- Rx has not been filled after X days (of being written or procedure or discharge, etc.);
- Rx has not been refilled;
- Rx refill is due (based on Rx dosage and amount dispensed).
Unifying and analyzing this data is made more difficult because of the associated challenges of uniquely identifying an individual across these data domains. Unification of these data sources is doable, but it presents additional challenges.
Expect to see advances with big data analytics in this area. Health plans are ideally situated to make inroads here given their access to most of these datasets. Population heath management vendors are also investing a lot in analytics here as this is an area where all players (including the deep pocketed) are very interested in. This approach still needs a “last mile” solution i.e. a direct patient touchpoint which brings us to…
This approach, attempted several times, uses a combination of physical devices at a patient home, some form of wireless communication, and visual or messaging cues to remind patients, or remote caregivers, to take their medication. Vitality GlowCaps is the one that comes to mind right away. Their study indicated significant improvement in adherence. But (yes, there’s always a “but” in healthcare.. ) the challenge to a large extent here is that for this approach to work well, pharmacies must be fully involved in the process. Pharmacies need to enter the Rx data into the “alerting” backend provided. I’m sure this process can be automated but that data needs to then be synced with the caps, and we have to hope that the patient doesn’t mix up the caps. In the case of Vitality, the extra work required at the pharmacy was funded by pharma companies.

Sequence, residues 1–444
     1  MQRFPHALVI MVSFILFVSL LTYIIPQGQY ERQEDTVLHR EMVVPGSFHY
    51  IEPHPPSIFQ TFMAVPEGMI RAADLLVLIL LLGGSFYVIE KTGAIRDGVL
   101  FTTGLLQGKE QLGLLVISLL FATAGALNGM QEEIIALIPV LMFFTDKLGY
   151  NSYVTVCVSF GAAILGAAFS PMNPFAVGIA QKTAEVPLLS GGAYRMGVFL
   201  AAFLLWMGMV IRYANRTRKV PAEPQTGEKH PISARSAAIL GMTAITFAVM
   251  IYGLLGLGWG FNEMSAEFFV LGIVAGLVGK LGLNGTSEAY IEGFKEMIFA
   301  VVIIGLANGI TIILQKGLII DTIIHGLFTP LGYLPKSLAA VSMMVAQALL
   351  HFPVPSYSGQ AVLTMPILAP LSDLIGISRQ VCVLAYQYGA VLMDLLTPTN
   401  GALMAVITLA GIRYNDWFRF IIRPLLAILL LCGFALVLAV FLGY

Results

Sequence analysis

The newer entrant in this space is AdhereTech, which has been getting lots of good press. AdhereTech is an entire bottle, and not just the bottle top. It also uses messaging and automated phone calls increase adherence.
It would be interesting to see some combination of analytics and device that could leverage the data being created in the Rx and use that to programmatically update and keep the device in sync.
A device centric approach (in conjunction with communications initiated by the device or data captured by the device) can go a long way towards addressing the challenges around improving patient education and reminders. However, it still doesn’t (IMHO) address the core problem of instant feedback / gratification / motivation.